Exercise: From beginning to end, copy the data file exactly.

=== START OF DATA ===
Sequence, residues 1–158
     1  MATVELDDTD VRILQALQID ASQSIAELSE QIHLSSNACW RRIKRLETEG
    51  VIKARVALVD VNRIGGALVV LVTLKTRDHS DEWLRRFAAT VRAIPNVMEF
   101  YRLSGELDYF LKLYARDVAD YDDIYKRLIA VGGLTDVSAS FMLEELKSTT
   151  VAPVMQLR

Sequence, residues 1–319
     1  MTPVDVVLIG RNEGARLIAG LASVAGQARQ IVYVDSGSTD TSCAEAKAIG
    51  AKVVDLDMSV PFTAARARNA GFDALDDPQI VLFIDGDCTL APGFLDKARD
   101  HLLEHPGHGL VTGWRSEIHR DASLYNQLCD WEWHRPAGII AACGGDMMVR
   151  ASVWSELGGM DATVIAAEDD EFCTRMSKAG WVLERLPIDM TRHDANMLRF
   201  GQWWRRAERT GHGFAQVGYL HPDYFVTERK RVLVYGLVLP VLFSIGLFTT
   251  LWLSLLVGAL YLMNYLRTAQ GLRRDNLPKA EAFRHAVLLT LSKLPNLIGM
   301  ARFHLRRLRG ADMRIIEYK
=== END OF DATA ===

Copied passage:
Sequence, residues 1–158
     1  MATVELDDTD VRILQALQID ASQSIAELSE QIHLSSNACW RRIKRLETEG
    51  VIKARVALVD VNRIGGALVV LVTLKTRDHS DEWLRRFAAT VRAIPNVMEF
   101  YRLSGELDYF LKLYARDVAD YDDIYKRLIA VGGLTDVSAS FMLEELKSTT
   151  VAPVMQLR

Sequence, residues 1–319
     1  MTPVDVVLIG RNEGARLIAG LASVAGQARQ IVYVDSGSTD TSCAEAKAIG
    51  AKVVDLDMSV PFTAARARNA GFDALDDPQI VLFIDGDCTL APGFLDKARD
   101  HLLEHPGHGL VTGWRSEIHR DASLYNQLCD WEWHRPAGII AACGGDMMVR
   151  ASVWSELGGM DATVIAAEDD EFCTRMSKAG WVLERLPIDM TRHDANMLRF
   201  GQWWRRAERT GHGFAQVGYL HPDYFVTERK RVLVYGLVLP VLFSIGLFTT
   251  LWLSLLVGAL YLMNYLRTAQ GLRRDNLPKA EAFRHAVLLT LSKLPNLIGM
   301  ARFHLRRLRG ADMRIIEYK